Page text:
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17/10/00 . Rory Carroll in Rome and Andy Murdoch in London . The Guardian . UK  
 
Protesters try to halt rise of fast-food giant in Italy  
 
Riot police were mobilised yesterday to protect McDonald's restaurants as thousands of demonstrators in 20 Italian cities declared war on the fast-food chain.  

In Milan, marchers flung raw meat through police lines, splattering restaurant windows with blood. But most of the protests were more peaceful, with crowds in Rome, Naples, Palermo and Turin chanting: "Better a day of tortellini than 100 days of hamburgers."

Organisers of the protests have said they will intensify their campaign, predicting that Italy will overtake France in the strength of its opposition to the chain.

The government promised to set up a task force to draw up a charter of principles for multinational companies. The charter, to be agreed with trade unions, was intended to defuse hostility by acting as a "civic defender", said the industry minister, Enrico Letta.

He added: "It would be a mistake to create a climate of tension. McDonald's is one of the few foreign companies bringing investment to our country."

A coalition of leftwing radicals, family-run bars and trade unions hopes to reverse, or at least slow down, McDonald's planned opening of 200 outlets in the next two years. It says the chain is destroying consumer choice, exploiting staff andselling unhealthy food.

McDonald's responds that it is employing 15,000 young people and has become hugely popular with families since opening its first restaurant in Rome 15 years ago.

The countrywide protests were bolstered by controversy over the chain's treatment of staff.

Last week, 20 employees in Florence walked out in protest at an "intimidating" work climate. Around the same time a manager in Florence raised hackles by disciplining an employee for sipping a soft drink without permission. The worker complained to his union, which complained to the labour minister, Cesare Salvi.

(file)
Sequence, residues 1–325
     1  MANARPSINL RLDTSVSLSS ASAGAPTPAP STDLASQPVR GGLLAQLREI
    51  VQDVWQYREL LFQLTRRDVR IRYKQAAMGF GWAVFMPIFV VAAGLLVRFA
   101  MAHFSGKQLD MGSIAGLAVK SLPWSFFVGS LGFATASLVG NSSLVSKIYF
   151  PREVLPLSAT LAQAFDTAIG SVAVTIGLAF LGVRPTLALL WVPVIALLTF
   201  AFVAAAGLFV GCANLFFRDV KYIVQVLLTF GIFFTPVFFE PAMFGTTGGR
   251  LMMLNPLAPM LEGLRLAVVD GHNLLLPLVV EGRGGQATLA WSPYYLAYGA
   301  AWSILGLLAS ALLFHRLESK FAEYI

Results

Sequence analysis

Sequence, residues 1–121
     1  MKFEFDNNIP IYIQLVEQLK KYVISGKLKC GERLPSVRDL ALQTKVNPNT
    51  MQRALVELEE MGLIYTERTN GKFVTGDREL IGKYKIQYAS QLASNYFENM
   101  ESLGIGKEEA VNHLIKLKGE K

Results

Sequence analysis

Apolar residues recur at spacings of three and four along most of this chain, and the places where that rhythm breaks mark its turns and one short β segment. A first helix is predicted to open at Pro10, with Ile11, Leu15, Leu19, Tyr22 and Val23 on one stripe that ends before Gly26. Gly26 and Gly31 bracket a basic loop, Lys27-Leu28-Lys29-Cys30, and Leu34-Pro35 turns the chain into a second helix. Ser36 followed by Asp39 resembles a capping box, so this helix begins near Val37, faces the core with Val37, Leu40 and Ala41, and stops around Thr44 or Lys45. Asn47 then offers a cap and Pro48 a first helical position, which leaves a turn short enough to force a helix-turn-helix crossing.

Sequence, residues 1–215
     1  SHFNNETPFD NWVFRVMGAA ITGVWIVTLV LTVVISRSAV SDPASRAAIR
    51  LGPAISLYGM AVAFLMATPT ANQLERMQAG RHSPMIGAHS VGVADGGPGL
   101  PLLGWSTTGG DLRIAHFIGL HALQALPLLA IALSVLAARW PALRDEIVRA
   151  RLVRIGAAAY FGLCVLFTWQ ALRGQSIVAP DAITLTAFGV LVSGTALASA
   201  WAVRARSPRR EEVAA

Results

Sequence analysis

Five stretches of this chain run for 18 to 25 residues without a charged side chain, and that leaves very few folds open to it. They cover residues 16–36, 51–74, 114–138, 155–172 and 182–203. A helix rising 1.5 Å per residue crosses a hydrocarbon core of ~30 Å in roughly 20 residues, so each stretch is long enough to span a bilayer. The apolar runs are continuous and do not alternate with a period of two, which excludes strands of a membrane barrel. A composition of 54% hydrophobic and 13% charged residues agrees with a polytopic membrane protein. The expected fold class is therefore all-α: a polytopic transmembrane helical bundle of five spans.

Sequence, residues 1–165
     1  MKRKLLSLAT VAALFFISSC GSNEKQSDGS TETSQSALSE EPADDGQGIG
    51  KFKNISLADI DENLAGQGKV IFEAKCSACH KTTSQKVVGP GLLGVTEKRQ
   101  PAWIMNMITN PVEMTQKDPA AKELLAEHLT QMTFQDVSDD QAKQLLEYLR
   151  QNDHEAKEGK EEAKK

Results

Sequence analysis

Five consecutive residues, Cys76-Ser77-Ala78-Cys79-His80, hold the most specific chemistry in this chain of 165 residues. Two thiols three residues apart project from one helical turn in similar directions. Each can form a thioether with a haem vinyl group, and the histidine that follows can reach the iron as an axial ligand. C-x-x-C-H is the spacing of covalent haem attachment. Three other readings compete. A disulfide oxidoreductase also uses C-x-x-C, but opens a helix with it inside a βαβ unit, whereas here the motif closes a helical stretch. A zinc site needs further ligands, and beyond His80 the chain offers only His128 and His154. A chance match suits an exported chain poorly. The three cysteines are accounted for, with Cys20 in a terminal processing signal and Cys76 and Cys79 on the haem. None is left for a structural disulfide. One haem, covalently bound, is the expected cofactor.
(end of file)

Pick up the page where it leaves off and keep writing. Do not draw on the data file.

After meeting the minister, the president of McDonald's in Italy, Mario Resca, promised an inquiry. "The respect and valour of each of our employees is of the highest priority to McDonald's," he said, adding that the new outlets would create 10,000 jobs.

The chain, which has 272 restaurants in Italy, suffered another blow when trade unions mobilised to defend five employees reprimanded for eating chocolate chips.

Earlier this month Fausto Bertinotti, leader of the Refounded Communist party, led 100,000 protesters to a McDonald's branch in Piazza della Repubblica in Rome. Branding its hamburgers a symbol of Americanisation and globalisation, he said he understood why people physically attacked the restaurants.

The Turin-based Slow Food movement, which champions traditional cooking and eating, joined yesterday's protests. Its spokesman, Silvio Barbero, told the Corriere della Sera newspaper: "It forces consumers to taste the same hamburger in Tokyo, New York, Helsinki and Palermo. A McDonald's hamburger doesn't evoke regional tastes or sensations, and its gastronomic origin is impossible to define."

Ghettoised for years with a combined market share of 5%, McDonald's and Burger King resolved to bring Italy up to the European average of 25%. Food purists said Italians would never succumb, but they were wrong, with pasta salads and pizza slices boosting the chains' popularity.

Digested history of McProtest

In the 1980s, McDonald's faced protests in the west after rumours that its beef came from cattle raised on cleared rainforest in South and Central America. The firm quickly clarified the situation - it demands proof from its suppliers that they use only long-established cattle ranches and 100% EU beef. But the myth lives on.

In Britain, the 'David and Goliath' McLibel case began in 1994 and saw the company successfully sue Dave Morris and Helen Steel for allegations they made in a leaflet in the late 80s. It became the longest libel case in English history, lasting over two and a half years and costing McDonald's 10m.

In summer this year, a French farmer, Jose Bove, roused Gallic sympathy when he was jailed for three months for attacking a half-built McDonald's in Millau, southern France. He was protesting against US duties on French cheese and the 'McDomination of the world'.

It took 13 years for McDonald's to establish a presence on Hampstead High Street, north London, after celebrity opposition from the likes of Melvyn Bragg, Tom Conti and Margaret Drabble  
 
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